As we survey world history with the failure of Athens and the obvious oppressive rule of communism over the Chinese people, we should celebrate the fact that we the people of the United States enjoy a system that has true representation of the people which gives us access and a voice within the leadership of this nation. The structure of the United States government is not only unique, it’s powerful, and we should labor to keep it.
As individual citizens in America, the Church of Jesus Christ can go to the polls and vote to institute change, elect leaders, and establish laws that are for the glory of God and the good of the people. One primary example of this is the most recent decision to overturn the historic Roe v. Wade by the Supreme Court of the United States of America. How did the decision in Dobbs v. Jackson Women’s Health Organization come to pass? It began with how individual Christians vote and how our representatives lead. Yes, elections have consequences. In this case, it began with electing a president who would appoint Justices who would establish changes according to the law. This governmental structure, although imperfect, is something that we can celebrate.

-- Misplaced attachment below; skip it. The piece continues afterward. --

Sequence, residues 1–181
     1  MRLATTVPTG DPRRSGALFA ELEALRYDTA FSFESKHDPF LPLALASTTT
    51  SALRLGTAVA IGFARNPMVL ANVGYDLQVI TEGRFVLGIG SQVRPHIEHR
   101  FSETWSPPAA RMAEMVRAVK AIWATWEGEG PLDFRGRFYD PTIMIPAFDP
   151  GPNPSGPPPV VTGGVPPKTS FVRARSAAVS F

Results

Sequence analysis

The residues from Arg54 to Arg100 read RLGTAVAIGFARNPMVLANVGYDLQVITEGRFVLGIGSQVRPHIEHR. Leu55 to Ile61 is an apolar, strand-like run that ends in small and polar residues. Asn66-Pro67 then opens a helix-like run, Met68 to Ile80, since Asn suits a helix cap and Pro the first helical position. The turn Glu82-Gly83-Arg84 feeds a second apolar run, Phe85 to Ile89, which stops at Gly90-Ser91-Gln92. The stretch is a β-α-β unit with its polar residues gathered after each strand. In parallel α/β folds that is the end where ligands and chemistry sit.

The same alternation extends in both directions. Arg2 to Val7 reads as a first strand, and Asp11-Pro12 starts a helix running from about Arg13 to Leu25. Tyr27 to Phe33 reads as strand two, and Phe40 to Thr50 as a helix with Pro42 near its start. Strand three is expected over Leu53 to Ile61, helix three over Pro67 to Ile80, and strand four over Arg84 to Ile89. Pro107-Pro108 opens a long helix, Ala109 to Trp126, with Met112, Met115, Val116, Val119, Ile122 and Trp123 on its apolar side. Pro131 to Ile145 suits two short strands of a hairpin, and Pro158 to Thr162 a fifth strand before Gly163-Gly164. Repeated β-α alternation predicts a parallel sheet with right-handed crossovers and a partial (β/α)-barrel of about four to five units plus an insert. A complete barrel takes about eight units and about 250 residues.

From a biblical lens, we can see that nations are not a bad thing. From the beginning, God instituted Israel as a nation that would be a blessing to the nations (Gen. 22:18; Ps. 67). God has a design for the nations to be used in the establishment of his redemptive plan. Certainly, we must see that God has used America for his purposes historically. Christians do not pledge allegiance to America and we recognize that the Church will flourish even if America falls (Matt. 16:18)—but any honest Christian who lives in America can see the value of our great nation and why we should celebrate what happened on July 4th 1776.
|Richard Wike, Kate Simmons, Bruce Stokes, and Janell Fetterolf, “Globally, Broad Support for Representative and Direct Democracy,” Pew Research Center, October 16, 2017, https://www.pewresearch.org/global/2017/10/16/democracy-widely-supported-little-backing-for-rule-by-strong-leader-or-military/#many-publics-want-a-direct-say (accessed April 4, 2020).
|James Madison, The Federalist No. 10, https://avalon.law.yale.edu/18th_century/fed10.asp (accessed April 13, 2020).